‘But they’re exactly the same.’ I wait for up to 20 minutes to avoid
cars—I don’t like to have cars included, my weak point—or I come back
on Sundays, which are always great for less traffic, especially
downtown. If nothing works, I’ll be back next year.”
The article reports Schall may miss his annual visit to Los Angeles.
Some reporters from the L.A. Weekly are known to call City Hall staffers and
whisper promises that they are working on articles that will carry a human interest angle,
then go the opposite direction in print. Earlier
this year, an undisclosed outside downtown council member staffer told me one such
reporter called around saying "No, really, this article isn't going to
be a 'hit job'. It's about what council people do in their off time."
That article ended up "Should L.A. City Council Agree to Slash it's $178,789 Salaries."
Now they have a lengthy article that's touted as another example of City Council's lack of transparency.
As "The Soloist" opens April 24, journalists are finding angles in the
story of the friendship between a big city journalist and a troubled
homeless musician. For many mental health is the subtext. Some say it's
a last celebration of the power of newspapers.
At the 79th Annual Blessing of the Animals, Cardinal Roger Mahony took some time to personally greet Ventura, a snake who is now a regular at the ceremony presented by the Olvera Street Merchants. Safe to say, caged hamsters and mice were decidedly cautious when they spotted the yellow boa constrictor passing by. No unfortunate incidents were reported.
The Los Angeles Times Culture Monster reviews "New Works by Murray Mednick" (now playing at Arts District Art ShareLA):
Playwright Murray Mednick is a veteran innovator who, some 30-plus
years into his career, remains dedicated to shaking up the theatrical
format. Much of Mednick’s work (“Joe and Betty,” “Mrs. Feuerstein”)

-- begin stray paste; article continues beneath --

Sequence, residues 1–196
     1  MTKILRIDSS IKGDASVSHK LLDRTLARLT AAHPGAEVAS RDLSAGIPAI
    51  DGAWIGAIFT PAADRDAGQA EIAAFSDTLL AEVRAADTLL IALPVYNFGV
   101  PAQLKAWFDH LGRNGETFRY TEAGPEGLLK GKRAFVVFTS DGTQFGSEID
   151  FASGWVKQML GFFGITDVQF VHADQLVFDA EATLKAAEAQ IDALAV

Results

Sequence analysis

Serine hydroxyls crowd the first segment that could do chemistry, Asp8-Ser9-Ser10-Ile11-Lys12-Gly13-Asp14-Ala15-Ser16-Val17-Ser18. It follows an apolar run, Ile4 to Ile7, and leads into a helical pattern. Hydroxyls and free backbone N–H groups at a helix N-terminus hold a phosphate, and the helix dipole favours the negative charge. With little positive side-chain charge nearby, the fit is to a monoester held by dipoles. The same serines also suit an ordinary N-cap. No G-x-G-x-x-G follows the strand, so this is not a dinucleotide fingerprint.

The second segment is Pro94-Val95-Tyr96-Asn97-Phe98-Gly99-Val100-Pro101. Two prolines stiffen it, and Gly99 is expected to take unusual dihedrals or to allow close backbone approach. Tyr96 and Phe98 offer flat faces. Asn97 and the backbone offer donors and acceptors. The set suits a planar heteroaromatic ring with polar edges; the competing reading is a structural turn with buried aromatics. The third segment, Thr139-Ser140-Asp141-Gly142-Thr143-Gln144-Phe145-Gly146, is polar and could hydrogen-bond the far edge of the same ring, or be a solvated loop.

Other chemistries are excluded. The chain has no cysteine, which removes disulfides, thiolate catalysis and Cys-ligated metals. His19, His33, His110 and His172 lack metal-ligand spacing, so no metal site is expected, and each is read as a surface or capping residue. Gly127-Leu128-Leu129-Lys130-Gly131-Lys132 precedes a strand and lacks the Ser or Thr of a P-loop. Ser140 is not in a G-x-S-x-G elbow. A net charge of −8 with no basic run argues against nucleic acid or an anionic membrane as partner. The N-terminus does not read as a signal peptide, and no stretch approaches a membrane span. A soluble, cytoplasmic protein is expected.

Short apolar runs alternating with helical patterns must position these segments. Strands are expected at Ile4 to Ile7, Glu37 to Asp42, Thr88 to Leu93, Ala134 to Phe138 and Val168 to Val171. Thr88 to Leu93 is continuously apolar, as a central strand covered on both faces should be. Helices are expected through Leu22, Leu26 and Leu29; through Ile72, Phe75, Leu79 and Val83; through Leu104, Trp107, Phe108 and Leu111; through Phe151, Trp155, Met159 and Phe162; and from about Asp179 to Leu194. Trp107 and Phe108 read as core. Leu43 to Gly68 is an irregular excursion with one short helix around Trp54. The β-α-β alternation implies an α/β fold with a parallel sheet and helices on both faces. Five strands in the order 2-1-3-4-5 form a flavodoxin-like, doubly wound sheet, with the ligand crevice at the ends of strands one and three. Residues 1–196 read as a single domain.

tries to bridge the chasm between savagery and creativity -- Beethoven
and Nazism. That preoccupation, in recent years, has led Mednick into a
pointed exploration of the Jewish identity, the existential angst of a
people who have often tumbled into the gap between civilization and
<snip with emotional agnst>
By contrast, “Clown Show for Bruno” initially plays like pure
burlesque. In the play, three mime/clowns, Emilio (Daniel A. Stein),
Jacko (Bill Celentano) and Cleo (Kali Quinn, alternating with Dana
Wieluns), reenact the true story of Bruno Schulz, a Polish writer and
artist killed by the Nazis. In Guy Zimmerman’s perfectly syncopated
staging, the gifted performers cavort like commedia players at a street
festival. But the mood soon shifts from the frantic to the funereal.
It’s a cunning setup intended to take us off guard and make us
experience the horror afresh. It works.
“New Works by Murray Mednick.”Art Share L.A.,
801 East 4th Place, Los Angeles. “The Destruction of the 4th World,” 8
p.m. Thursdays, Fridays, 5 p.m. Saturdays. Running time: 2 hours, 15
minutes. “Clown Show for Bruno,” 8 p.m. Saturdays and Sundays.
Running time: 1 hour, 20 minutes. Series ends April 19. (213)
Photo: Kali Quinn, left, Bill Celentano and Daniel A. Stein in "Clown Show for Bruno." Credit: Stacey Bode.
Nearby dining spots are offering specials that combine dinner before the show for one price. view [DADSpaceLA]